Walk The Moon Dances Away Movin’ On 2016
There are artists whose live shows mirror their recordings. There are artists whose on-stage energy adds an extra spark to the music. And then there’s Walk the Moon. The band’s shear enthusiasm, energy, and insane musical prowess make the Cincinnati four-piece’s live shows like nothing else.
This year’s highly-anticipated headliner wrapped up Movin’ On with an emotional and colorful set that any attendee could get into. When the lights dimmed at exactly 9:30 (shoutout to Movin’ On for keeping the show right on schedule) the crowd went wild as “The Circle of Life” played the band on stage. The strobe lights then transitioned the group into fast-paced, bass-driven “Jenny.”
“It’s been an amazing night,” lead singer Nick Petricca said after the first song. “It cleared up just for us, whattya know!”
From there Walk the Moon moved into a few songs from its most recent album “TALKING IS HARD” — “Sidekick,” “Avalanche,” and single “Different Colors.” The crowd broke out a “We Are” chant before Petricca picked it up and lead one for himself.
“Yeah I like that,” he said, somewhat seductively. “I don’t care about the cold weather, I don’t care about the rain. This is fucking awesome.”
The band kept the crowd moving with another trio of fast-paced jams; “Tightrope,” from their self-titled debut album, as well as “Up 2 U” and “Work This Body,” both of which show off Petricca’s wide vocal range and guitarist Eli Maiman’s funky guitar licks.
Walk the Moon slowed it down a little bit with older song “Lisa Baby” and newer vibe-jam “Aquaman” before rolling into inspirational “I Can Lift A Car.” That sounds corny, but the presentation was far from it. Before actually getting into the song, Petricca asked everyone to ditch their stresses, if only for a minute.
“State College, we’d like to get a little weird with you,” he said. “All of you are about to go destroy your exams and then go off and forget about it.” The atmosphere was carefree and emotional, and if you asked any person in attendance at that moment they would probably be convinced that they could actually lift a car.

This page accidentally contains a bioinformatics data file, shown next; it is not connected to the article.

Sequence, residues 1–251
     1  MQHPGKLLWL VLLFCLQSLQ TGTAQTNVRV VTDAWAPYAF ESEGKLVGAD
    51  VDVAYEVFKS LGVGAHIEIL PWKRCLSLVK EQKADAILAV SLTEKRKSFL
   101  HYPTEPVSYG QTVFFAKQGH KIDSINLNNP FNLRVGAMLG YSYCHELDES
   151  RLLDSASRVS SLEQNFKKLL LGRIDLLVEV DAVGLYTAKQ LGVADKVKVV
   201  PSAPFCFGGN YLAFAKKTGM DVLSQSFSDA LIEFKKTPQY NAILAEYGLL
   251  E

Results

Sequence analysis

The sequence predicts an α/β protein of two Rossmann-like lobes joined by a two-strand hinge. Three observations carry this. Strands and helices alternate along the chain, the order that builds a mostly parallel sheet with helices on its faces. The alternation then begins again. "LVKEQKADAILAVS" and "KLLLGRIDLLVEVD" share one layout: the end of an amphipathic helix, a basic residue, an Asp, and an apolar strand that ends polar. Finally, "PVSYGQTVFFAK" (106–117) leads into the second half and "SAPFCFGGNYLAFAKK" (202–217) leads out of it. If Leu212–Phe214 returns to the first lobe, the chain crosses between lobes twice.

I’ll admit I wasn’t really looking forward to mega-hit “Shut Up And Dance” due to the song’s mainstream success (and THON infamy), but when the guitar lick started it was like hearing the song for the first time. The band was into it, the crowd was jumping, and no one cared that it was on every radio station all summer. The energetic rendition of the hit was fun, and if you’re going to play such an overplayed song (which, obviously you are), that’s just the way to do it.
The show can’t go on forever though and after “Shut Up And Dance” there was still one major Walk the Moon song missing — “Anna Sun.”
“We gotta get outta here and you guys gotta go party,” Petricca said before diving into the song that first afforded the band national attention. After six performers and probably about one hundred songs, the feel-good “Anna Sun” was just the one to leave Movin’ On with and send Penn Staters into finals and the summer and seniors into the real world. As a light rain began to fall again and Petricca sang the chorus’ “we’re gonna rattle this ghost town,” there was, for a minute, no stress, no finals, and no real world — just one Penn State community coming together to send the seniors off.
Penn State was lucky to experience Walk the Moon’s one-of-a-kind live performance, however. A few weeks ago the band announced it was cancelling its summer tour due to a serious illness in Petricca’s family. Despite this, the band, Petricca especially, was electric on stage and the group never disappoints when it comes to putting it all out there for their live shows.
Walk the Moon lived up to and far exceeded the expectations set for them as headliner. The group’s live show is always thrilling and engaging and was by far the best performance of the night.
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About the Author
Miles Sanders, Trace McSorley, and Ricky Slade ran wild Friday night against Illinois, leading the Nittany Lions to a lopsided victory.
Sanders’ 6.97 yards per carry as Penn State’s starting running back is actually higher than his 6.7 yards per carry as Saquon Barkley’s backup.
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